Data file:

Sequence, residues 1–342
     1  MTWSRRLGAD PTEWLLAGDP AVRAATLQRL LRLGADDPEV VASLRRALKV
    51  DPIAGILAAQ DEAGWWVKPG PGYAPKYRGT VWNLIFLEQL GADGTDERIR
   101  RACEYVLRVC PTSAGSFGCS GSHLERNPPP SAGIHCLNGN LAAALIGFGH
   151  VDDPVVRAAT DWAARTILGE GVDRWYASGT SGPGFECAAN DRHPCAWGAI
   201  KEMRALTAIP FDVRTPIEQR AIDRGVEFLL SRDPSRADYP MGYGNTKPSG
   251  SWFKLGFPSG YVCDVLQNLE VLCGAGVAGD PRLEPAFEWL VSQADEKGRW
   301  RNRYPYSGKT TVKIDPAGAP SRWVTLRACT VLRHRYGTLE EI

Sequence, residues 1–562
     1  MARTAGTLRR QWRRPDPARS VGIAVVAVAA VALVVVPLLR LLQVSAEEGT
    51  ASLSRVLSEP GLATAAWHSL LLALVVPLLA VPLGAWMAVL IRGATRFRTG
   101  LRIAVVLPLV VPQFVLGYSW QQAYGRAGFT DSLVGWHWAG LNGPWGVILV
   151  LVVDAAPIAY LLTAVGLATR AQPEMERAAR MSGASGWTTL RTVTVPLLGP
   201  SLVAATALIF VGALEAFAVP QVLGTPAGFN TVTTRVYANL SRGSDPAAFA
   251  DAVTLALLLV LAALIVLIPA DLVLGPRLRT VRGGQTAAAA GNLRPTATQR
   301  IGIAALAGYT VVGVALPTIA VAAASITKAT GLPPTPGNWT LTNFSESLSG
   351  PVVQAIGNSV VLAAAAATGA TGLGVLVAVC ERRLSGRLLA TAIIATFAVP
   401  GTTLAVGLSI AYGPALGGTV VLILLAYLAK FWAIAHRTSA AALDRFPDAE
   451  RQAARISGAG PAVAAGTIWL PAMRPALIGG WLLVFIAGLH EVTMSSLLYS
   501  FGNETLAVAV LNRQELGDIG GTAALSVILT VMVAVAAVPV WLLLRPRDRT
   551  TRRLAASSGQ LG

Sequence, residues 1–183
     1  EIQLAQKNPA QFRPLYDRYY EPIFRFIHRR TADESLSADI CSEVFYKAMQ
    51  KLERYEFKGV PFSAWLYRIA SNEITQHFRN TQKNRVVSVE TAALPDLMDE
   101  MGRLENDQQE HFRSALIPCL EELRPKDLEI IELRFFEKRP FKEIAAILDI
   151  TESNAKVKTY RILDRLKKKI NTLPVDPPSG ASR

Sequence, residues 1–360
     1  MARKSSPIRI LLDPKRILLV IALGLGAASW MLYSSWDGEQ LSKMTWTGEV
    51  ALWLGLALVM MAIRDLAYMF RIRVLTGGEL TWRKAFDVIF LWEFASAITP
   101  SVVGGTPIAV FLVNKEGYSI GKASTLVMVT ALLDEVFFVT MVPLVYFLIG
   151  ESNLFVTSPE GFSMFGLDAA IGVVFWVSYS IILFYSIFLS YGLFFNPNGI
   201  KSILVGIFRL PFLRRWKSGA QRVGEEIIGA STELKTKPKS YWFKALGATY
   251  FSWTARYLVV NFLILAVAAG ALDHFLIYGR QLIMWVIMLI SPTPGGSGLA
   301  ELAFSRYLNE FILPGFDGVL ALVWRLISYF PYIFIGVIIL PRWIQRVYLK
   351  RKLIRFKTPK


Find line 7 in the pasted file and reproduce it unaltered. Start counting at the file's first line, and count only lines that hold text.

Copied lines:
   251  SWFKLGFPSG YVCDVLQNLE VLCGAGVAGD PRLEPAFEWL VSQADEKGRW